CROSS BORDER INVESTING: WHY FUND STRUCTURES MATTER: Examining Excess Returns Derived From Tax Efficient Investment Structures

June 5th, 2013 by Andrew Clark

Introduction

The investment universe in which pensions operate today is vast and complex. An increasing number of asset classes, investment strategies, and managers provide pension schemes a variety of diversification options. This diversification of portfolios can pose problems in terms of implementation and governance; the more diversification, the smaller the average mandate becomes. Properly implementing a relatively small allocation to a certain asset class or strategy through segregated mandates may not be feasible. And even when it is feasible, the average cost of a segregated mandate tends to increase as the mandate becomes smaller.

REUTERS/Yves Herman

REUTERS/Yves Herman

Rather than giving up on the goal of diversification, tax-transparent asset pooling and the rise of contractual fund vehicles represent potential solutions. Contractual fund products allow tax treaty eligible investors to jointly invest their assets across different asset classes, strategies, and managers with other investors, thereby enabling pension schemes to diversify their portfolios in a cost-efficient manner while preserving material tax benefits. This “win-win” scenario has led many schemes to actively consider and invest in transparent funds.

This paper focuses on the withholding tax benefits often available when investing via fiscally transparent contractual funds and provides indicative returns for three scenarios.

TAX ASPECTS

One main objective of contractual funds is to ensure that, even though the underlying assets are no longer directly legally owned by the pension scheme but are owned by the pooling entity, the return on investment is the same as that of owning the underlying assets directly. Since pension funds typically benefit from tax exemptions, investing through a transparent fund should assist in mitigating the tax burden.

In general, there are three types of taxes that can apply to pension schemes: direct taxes, indirect taxes such as VAT, and transfer taxes such as stamp duty. Direct taxes should not arise at the investor level because of the domestic tax exemptions that can be made available to pension funds. Withholding tax may be deducted from distributions of income on investments, although the use of transparent pools[1] can allow pension investors to retain the tax treaty benefits and thereby secure the same rates of withholding tax as when they invest in the underlying assets directly.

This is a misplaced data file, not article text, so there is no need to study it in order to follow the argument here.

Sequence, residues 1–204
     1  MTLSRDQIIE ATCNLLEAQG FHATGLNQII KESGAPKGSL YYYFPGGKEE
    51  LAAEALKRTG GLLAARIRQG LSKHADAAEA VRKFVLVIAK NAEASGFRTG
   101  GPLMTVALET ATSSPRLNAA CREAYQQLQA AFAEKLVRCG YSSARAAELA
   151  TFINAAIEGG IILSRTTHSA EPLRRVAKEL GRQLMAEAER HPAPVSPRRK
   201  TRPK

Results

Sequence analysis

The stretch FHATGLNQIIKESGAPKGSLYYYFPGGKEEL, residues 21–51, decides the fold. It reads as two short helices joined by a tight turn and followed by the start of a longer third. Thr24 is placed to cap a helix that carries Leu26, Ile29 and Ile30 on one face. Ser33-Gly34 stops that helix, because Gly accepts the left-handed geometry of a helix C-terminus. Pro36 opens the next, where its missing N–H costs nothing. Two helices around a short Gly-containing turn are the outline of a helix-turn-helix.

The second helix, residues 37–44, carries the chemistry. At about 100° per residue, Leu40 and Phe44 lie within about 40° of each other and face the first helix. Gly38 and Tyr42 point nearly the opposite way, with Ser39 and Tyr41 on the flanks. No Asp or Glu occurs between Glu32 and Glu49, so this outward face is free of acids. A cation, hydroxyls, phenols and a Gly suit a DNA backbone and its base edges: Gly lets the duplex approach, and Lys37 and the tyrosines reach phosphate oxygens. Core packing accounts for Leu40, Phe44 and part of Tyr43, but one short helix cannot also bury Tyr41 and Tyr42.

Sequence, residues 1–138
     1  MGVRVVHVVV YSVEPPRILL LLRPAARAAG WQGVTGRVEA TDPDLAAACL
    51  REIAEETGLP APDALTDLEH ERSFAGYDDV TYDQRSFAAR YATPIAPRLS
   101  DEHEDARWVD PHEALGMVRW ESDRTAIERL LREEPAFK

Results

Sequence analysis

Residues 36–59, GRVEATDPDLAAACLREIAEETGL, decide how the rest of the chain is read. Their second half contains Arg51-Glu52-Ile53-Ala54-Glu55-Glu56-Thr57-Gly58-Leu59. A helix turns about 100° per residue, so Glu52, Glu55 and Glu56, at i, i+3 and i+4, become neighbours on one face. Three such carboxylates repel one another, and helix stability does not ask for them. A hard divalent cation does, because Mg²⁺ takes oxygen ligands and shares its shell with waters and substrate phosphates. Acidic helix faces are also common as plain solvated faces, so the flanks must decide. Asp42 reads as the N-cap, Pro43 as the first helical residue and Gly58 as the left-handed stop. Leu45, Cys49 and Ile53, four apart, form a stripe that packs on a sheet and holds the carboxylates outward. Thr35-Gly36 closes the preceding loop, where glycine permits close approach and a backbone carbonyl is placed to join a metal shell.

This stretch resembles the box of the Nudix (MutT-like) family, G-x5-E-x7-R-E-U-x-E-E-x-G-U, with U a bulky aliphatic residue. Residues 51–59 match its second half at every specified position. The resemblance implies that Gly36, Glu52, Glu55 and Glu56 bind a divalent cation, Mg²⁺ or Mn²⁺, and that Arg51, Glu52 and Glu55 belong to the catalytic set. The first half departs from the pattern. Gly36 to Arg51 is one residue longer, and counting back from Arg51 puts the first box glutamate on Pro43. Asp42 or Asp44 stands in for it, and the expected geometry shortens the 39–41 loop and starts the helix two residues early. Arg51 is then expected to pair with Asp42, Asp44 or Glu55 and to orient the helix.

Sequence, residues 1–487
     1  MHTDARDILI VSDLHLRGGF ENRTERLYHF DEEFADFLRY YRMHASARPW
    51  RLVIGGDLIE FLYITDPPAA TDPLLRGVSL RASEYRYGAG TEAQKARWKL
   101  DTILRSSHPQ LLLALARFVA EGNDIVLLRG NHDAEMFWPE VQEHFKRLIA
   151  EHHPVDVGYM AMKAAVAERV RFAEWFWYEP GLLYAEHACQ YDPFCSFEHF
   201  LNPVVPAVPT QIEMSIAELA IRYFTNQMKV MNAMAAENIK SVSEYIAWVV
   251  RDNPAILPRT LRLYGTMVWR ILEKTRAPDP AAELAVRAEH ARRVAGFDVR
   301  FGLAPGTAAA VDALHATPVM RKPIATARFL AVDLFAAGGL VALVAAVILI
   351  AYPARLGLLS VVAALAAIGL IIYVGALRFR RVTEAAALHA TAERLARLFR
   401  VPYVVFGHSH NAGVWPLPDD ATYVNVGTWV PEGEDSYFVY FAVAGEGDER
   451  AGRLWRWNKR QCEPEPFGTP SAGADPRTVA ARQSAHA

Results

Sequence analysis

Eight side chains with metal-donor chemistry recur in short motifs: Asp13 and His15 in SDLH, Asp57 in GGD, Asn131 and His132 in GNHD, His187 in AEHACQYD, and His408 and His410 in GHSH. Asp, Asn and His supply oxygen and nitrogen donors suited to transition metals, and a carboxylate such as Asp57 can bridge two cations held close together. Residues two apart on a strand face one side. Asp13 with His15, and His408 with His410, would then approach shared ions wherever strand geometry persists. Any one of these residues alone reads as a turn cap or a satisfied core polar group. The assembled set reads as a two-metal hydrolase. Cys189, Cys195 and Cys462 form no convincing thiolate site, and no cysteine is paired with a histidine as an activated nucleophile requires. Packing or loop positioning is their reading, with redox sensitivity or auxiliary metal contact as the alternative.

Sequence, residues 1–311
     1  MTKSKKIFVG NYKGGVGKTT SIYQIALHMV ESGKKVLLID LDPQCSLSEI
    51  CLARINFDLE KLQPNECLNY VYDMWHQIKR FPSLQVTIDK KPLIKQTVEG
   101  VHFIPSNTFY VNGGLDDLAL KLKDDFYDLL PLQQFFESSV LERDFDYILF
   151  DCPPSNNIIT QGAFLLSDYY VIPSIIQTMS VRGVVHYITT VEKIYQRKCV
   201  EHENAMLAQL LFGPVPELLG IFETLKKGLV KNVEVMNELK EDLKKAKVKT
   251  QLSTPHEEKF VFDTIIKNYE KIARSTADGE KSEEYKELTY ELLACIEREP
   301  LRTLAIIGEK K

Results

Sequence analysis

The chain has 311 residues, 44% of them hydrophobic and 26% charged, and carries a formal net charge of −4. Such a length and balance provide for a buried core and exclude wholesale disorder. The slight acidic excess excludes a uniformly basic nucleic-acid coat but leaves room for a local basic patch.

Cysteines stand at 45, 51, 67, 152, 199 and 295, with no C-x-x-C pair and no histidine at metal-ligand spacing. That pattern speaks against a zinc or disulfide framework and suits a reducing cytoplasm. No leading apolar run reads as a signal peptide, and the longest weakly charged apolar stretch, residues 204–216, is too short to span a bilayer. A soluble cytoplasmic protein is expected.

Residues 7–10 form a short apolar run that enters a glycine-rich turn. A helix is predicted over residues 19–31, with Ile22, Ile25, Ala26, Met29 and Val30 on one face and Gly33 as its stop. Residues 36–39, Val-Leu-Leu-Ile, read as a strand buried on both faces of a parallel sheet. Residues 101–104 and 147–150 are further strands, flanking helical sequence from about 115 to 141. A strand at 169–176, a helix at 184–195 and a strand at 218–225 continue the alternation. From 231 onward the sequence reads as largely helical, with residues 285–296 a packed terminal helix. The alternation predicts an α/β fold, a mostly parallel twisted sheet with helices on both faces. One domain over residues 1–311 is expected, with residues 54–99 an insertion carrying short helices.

Vehicles Available to UK Pension Schemes

To highlight three vehicles, U.K. pension schemes can use the Dutch fondsen voor gemene rekening (FGR), the Luxembourg fonds commun de placement (FCP), and the Irish common contractual fund (CCF) as examples of contractual funds. One benefit of these vehicles is that they facilitate cross-border pooling, i.e., pooling by investors from different jurisdictions. Pension pooling pioneers used these vehicles to pool overseas pension schemes of the same corporate sponsor. But these vehicles can also be used to pool the assets of unrelated pension schemes from one or more countries. In fact, several asset managers are now offering contractual funds to aggregate investors across a variety of countries. Since financial markets are likely to continue down the path of internationalization, the Dutch FGR, Luxembourg FCP, and Irish CCF are likely to become increasingly common vehicles for use by institutional investors with significant tax treaties available to them.

Examples of Potential Returns

To estimate the difference in returns for those investing in a tax-transparent structure, we prepared examples and selected the Luxembourg FCP to compare to a widely used Luxembourg nontransparent structure such as the Société d’Investissement à Capital Variable (SICAV, an open-end investment vehicle), and we used three existing equity indices—the Thomson Reuters U.S. 50, the Thomson Reuters Global Developed index, and the Thomson Reuters Europe ex-Turkey index—as well as a new set of Thomson Reuters indices detailed below: